You want a pool. The children have been begging for a swimming pool for years now. Should you own a swimming pool? It’s not a question to be undertaken lightly. A swimming pool is an expensive undertaking for the construction itself. Factor in the ongoing maintenance and upkeep and the bump in your utility bills and you can see that you shouldn’t take the plunge unless you are truly ready. You also need to ask yourself who is going to be responsible for the pool cleaning if you’re not going to hire a pool contractor? You will need to have a schedule for cleaning and maintenance and you need to make certain it is adhered to — a non-maintained swimming pool will become an algae-infested mess and will cost you a lot more to have adddressed than would ongoing maintenance.

The swimming pool contractors from Bella Blue Pools talk with potential pool owners to determine what they want out of a family pool, why they want a pool and will share with them the potential costs to be a swimming pool owner. Pools are certainly fun, but they are a lot of work!

Should you own a swimming pool?

  •  Increased home value. An ingroung pool just might increase the resale value of your home. Talk with a realtor if you want to have a pool put in to up its potential resale value.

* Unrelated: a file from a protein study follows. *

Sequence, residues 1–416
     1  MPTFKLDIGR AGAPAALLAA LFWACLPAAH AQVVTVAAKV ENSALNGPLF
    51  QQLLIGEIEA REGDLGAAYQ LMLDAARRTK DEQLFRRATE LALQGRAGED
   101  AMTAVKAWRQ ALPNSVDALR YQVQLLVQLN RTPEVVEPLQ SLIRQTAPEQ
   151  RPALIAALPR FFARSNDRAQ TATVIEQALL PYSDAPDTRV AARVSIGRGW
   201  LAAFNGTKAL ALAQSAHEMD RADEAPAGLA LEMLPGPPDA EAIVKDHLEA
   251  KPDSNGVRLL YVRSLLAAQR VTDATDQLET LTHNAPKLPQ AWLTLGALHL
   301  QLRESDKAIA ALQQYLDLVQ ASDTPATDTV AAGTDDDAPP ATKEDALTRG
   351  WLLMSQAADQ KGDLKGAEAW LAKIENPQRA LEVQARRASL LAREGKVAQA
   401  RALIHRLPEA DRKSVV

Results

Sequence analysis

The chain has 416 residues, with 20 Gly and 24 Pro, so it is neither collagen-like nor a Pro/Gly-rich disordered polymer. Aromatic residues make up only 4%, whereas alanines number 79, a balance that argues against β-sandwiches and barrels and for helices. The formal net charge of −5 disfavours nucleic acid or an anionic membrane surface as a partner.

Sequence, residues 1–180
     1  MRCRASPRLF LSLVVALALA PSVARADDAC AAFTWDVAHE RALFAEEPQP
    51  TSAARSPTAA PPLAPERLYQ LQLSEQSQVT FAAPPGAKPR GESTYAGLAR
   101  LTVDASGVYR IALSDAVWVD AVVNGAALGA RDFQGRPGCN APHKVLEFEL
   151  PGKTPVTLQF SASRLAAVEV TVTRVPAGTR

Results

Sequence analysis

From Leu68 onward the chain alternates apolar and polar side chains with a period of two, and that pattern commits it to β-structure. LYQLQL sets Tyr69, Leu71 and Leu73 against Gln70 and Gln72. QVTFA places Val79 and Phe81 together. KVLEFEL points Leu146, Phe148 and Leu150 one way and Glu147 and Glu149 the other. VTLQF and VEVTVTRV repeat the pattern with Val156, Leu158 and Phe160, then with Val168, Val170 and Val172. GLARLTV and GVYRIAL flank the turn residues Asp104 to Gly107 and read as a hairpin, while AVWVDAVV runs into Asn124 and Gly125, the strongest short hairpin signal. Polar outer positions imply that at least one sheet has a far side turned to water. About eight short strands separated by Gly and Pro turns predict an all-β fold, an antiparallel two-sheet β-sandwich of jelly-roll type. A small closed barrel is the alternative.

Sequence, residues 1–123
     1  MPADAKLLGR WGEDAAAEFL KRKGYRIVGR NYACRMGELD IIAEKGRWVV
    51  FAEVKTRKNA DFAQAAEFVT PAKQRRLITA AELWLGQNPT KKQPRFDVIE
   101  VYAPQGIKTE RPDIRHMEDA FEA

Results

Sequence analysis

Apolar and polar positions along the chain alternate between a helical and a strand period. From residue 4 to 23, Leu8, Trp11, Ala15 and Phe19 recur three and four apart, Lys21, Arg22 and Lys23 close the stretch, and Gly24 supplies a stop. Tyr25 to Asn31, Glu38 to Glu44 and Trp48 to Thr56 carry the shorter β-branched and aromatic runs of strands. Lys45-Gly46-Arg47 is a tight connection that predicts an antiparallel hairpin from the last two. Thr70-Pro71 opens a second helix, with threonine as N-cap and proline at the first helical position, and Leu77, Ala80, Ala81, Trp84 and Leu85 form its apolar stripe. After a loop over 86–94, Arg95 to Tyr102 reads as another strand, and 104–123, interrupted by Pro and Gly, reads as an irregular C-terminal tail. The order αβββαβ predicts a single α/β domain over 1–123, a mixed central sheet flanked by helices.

• It may cost you anywhere between $20,000 and higher to have a pool constructed.
  • Accessories and other pool add ons will increase the cost of the pool construction.
  • Don’t forget to talk with your insurance agent to see if owning a pool will impact your insurance rates or coverage.
  • Ask a pool contractor for an estimate on how a pool may impact your utility bills.
  • Know why you want a pool — exercise only, parties only or a combination of the two?
  • How much yard space do you want to devote to your swimming pool project? If you only have a small yard, do you want to give up the entire yard for the swimming pool?
  • Is “wanting” a pool something you have long dreamed of or did you think about it simply because it’s been a long, hot summer and you wished you could take a cooling dip.
  • How many months a year will you be able to use your swimming pool? In Arizona it might be year round. New York it might only be a few months of the year. Will you get your money’s worth out of it?
  • Can you truly afford a pool or will it put a strain on the family budget and bank accounts?
  • Are the children who want the pool teenagers who will be heading off to college in a year or two? If that’s the case, will you still use the pool or was it mainly for their use?
  • Do you have the time to devote to pool maintenance? Will you hire a pool maintenance contractor to do it for you?

Weigh all of the pros and cons. Sit down with us and let’s talk about your list of pros and cons and we can help you make an informed decision on whether you should move forward with the project.